The Sandhills Journey Scenic Byway (Byway) stretches along Highway 2 from Grand Island to Alliance, Nebraska. The Byway begins east of the 98th Meredian, at the edge of the humid, forested east. The Byway ends west of the 100th Meredian, in the arid, treeless grasslands of the west. With each mile a different sentence in the great American story is inscribed. The Sandhills is an iconic American landscape, a land that fundamentally changed the way Americans view the country and themselves.
Nebraska’s demographics mirror that of the country’s – an eastern population inhabiting a western landscape. The Mississippi River is often used as the divining line between east and west. Almost 60% of the country’s population resides in the 26 states east of the river. Drop Texas and California, and the west is vacant.
Nebraska’s population is even more dramatically skewed. The largest two cities, Omaha and Lincoln, hug the eastern edge. The third largest city, Grand Island, has around 50,000 residents. When the University of Nebraska football team plays at home in Lincoln, the stadium becomes the third largest city in the state.
Eighty-nine percent of the cities in Nebraska have fewer than 3,000 people. Nebraska shares this characteristic with four other Great Plains states: Kansas, Oklahoma, North and South Dakota. Hundreds of towns have a population of fewer than 1,000. Sioux County, in the far northwestern corner, averages less than one resident per square mile.
The vast majority of Nebraska’s birders live in Omaha, Lincoln, and the eastern suburbs. They bird in the east, and they report eastern birds. Reports from Fontenelle Forest and Sarpy County in the east far outweigh those from the Oglala National Grasslands or Crescent Lake NWR in the west. Birders report from where they live. No one lives in the west.
I suspect that more tourists visit Alaska than western Nebraska each year. In fact, I suspect that more visit Alaska in a year than western Nebraska in a decade. Of course Nebraska is closer. But Alaska is known, and Nebraska is an unrecognized void. The state is just another one of those rectangles in the middle of the country.
Birders tend not to follow the paths of traditional tourists. We do venture to the hinterlands (the lower Rio Grande Valley of Texas, the Huachucas in Arizona). But birders are also habituated, and most of us follow the preferences of those around us. When a place like Nebraska is unknown and unvisited, it will remain ignored.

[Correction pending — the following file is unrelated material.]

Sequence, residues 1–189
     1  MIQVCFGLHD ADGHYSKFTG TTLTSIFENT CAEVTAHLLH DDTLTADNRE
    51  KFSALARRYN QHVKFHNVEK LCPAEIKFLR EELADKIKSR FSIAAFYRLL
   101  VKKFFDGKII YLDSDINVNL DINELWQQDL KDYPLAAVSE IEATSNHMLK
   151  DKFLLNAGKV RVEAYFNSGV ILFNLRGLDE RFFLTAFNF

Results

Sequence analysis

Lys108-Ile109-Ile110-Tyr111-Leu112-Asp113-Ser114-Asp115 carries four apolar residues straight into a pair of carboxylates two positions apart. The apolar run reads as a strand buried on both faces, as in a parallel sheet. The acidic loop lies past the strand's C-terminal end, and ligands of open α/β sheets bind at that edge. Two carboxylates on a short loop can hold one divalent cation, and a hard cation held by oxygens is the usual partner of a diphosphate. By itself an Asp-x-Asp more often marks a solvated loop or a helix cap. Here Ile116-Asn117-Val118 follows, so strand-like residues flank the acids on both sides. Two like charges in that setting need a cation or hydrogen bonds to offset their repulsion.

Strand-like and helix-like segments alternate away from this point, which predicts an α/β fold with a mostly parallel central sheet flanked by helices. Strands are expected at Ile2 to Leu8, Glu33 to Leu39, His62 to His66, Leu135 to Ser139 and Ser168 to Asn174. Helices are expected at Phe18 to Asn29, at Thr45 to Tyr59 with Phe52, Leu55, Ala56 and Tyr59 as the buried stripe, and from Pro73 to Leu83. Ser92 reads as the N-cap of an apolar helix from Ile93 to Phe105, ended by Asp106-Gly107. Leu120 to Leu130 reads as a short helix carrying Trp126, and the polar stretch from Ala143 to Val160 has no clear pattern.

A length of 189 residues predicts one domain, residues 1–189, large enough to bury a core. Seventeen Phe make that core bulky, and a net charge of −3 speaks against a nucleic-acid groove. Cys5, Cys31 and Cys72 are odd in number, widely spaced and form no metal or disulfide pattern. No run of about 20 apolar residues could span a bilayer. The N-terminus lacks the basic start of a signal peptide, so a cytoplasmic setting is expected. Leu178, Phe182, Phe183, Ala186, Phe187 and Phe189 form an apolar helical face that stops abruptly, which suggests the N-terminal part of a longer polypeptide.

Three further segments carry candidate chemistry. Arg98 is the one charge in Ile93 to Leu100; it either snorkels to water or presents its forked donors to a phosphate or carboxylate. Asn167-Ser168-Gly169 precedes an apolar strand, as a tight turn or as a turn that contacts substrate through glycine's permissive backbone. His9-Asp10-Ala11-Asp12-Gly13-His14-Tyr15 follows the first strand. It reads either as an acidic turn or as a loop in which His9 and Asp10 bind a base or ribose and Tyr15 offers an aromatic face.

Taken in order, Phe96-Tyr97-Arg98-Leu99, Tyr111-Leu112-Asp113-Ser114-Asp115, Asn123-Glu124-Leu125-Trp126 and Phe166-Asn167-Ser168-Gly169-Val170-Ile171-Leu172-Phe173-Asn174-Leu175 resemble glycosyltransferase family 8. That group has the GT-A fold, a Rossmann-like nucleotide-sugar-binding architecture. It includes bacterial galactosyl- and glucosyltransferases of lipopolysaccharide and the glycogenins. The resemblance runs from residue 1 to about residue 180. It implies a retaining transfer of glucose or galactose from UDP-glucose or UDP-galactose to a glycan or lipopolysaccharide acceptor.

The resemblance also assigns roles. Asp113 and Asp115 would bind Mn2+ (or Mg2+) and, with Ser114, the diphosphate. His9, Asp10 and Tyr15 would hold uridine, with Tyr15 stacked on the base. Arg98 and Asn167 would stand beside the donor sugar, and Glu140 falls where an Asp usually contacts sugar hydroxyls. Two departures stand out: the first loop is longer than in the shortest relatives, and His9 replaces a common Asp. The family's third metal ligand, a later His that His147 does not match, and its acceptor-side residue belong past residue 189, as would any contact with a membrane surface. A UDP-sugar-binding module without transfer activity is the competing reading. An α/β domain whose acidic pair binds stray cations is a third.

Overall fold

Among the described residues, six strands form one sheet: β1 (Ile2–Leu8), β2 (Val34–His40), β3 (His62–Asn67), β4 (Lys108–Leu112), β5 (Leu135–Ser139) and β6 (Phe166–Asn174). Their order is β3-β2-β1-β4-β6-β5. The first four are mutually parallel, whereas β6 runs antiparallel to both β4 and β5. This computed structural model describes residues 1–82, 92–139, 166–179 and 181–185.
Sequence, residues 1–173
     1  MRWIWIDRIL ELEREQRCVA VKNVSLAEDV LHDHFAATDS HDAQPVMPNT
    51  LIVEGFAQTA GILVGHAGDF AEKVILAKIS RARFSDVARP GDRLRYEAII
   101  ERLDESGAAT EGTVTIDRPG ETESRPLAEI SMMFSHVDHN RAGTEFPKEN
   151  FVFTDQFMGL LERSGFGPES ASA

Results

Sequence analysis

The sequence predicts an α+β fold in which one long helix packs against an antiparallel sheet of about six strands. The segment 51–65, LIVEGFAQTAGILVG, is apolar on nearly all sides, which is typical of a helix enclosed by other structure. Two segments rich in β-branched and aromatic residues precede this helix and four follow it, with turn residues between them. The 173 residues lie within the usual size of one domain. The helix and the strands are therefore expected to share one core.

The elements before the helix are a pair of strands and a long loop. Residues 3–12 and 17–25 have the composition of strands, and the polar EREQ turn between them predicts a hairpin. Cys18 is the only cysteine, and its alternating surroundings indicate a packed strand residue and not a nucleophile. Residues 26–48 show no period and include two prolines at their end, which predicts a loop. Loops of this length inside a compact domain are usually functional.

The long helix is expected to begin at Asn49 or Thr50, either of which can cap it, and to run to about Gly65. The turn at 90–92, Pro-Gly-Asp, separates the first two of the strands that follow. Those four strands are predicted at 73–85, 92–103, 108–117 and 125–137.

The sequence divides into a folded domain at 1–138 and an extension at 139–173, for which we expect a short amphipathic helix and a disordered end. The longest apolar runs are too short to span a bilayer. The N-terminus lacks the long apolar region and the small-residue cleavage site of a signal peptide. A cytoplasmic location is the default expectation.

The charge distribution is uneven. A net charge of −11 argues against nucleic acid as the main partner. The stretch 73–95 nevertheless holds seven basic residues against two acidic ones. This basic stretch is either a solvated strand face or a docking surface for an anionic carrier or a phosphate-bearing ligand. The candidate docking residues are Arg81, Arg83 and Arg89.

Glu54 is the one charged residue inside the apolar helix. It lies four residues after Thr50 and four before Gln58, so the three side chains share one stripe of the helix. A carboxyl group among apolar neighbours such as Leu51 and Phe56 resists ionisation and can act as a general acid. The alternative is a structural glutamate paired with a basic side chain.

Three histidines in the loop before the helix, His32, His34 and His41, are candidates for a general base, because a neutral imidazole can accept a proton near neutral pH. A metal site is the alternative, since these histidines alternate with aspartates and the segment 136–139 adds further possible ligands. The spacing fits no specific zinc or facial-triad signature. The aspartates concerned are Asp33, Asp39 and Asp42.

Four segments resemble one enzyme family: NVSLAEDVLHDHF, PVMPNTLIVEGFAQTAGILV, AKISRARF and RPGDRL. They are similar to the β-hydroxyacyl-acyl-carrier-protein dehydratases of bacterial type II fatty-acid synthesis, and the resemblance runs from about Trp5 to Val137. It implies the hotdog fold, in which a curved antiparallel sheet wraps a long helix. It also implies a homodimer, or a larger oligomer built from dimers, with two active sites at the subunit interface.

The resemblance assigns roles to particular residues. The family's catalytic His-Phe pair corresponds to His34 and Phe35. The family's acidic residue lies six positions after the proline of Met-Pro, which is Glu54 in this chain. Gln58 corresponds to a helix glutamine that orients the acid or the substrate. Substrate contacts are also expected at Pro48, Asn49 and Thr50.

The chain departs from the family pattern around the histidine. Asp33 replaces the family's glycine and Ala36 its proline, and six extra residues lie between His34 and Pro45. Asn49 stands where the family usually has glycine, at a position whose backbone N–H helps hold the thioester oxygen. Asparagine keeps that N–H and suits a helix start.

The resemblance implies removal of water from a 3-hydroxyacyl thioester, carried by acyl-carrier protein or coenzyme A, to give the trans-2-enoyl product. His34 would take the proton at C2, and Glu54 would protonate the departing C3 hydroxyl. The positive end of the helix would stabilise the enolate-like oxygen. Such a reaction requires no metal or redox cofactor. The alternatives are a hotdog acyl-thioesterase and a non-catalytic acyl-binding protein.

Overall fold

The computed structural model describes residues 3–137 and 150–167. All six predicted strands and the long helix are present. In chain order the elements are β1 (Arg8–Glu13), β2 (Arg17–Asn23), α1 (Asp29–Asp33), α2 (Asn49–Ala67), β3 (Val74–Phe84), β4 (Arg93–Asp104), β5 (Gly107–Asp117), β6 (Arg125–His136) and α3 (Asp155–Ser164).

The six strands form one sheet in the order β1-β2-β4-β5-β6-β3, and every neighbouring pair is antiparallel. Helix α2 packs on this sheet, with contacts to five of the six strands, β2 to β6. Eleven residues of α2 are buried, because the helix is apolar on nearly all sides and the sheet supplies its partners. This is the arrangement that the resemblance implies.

I have been working in the Sandhills for the past few months. I recently completed an 11-day trip spiced with field work and a few community meetings. I covered the Byway for its entire 272-mile length, from Grand Island to Alliance. I also made side trips to Loup City, Crescent Lake NWR, the Pine Ridge, and the Oglala National Grasslands. In those 11 days I never laid eyes on a birder. Most days I rarely laid eyes on a human being.
Birds are another matter. The Sandhills is one of the most intact native grasslands remaining in the country. The Sandhills is also the most extensive wetlands complex in the country, overlaying the Ogallala aquifer (yes, the aquifer is spelled differently from the national grassland). The grassland birds in the Sandhills are overwhelming at times. Upland sandpipers, grasshopper sparrows, horned larks, and lark sparrows litter the landscape. How do you count the countless?
I confess that being alone with countless birds is appealing. I enjoy spending a day without saying a single word. I love the opportunity to become immersed in nature, to shut out the world and simply be. I admit that I prefer birding alone.
But I also believe it tragic that more Americans have not experienced one of the country’s iconic landscapes, the Sandhills, and that more birders have yet to experience grassland birds where they continue to thrive. Think about the word “thrive” for a moment. When did you last visit a place where the singing (if that’s the right word) of grasshopper sparrows could not be quelled, where you went to bed with their buzzing in your ears? What about lakes shrouded in black terns, towns blanketed with Franklin’s gulls, lark buntings sprinkled across the grasslands like dominoes, or wetlands chocked full of dabbling ducks and deafened by the raucous calls of yellow-headed blackbirds?
The Sandhills still offers us the chance to see this nation’s bounty as it appeared to our predecessors. The grand herds of bison are gone, and antelope no longer play in the numbers of the past. But there remains a prolificacy that still grabs your throat and snatches your breath away. Teddy Roosevelt said that “the farther one gets into the wilderness, the greater is the attraction of its lonely freedom.”
As a birder knows, and I suspect as TR knew, the freedom is from fellow man, not nature. In the Sandhills the retreat is from the noise of modernity, and the embrace is of a landscape that has escaped man’s predilection to manicure the land to his favor. The story in the Sandhills is about how man has adapted to the land, rather than the obverse. This lesson concerns how man has simply joined the legions of other creatures who have adapted as well.
For information about the Byway itself, click on this link.
The most active statewide birding group is the Nebraska Ornithologists’ Union.
I have created Pinterest boards with my images from the Sandhills. Click on the following links to access the boards.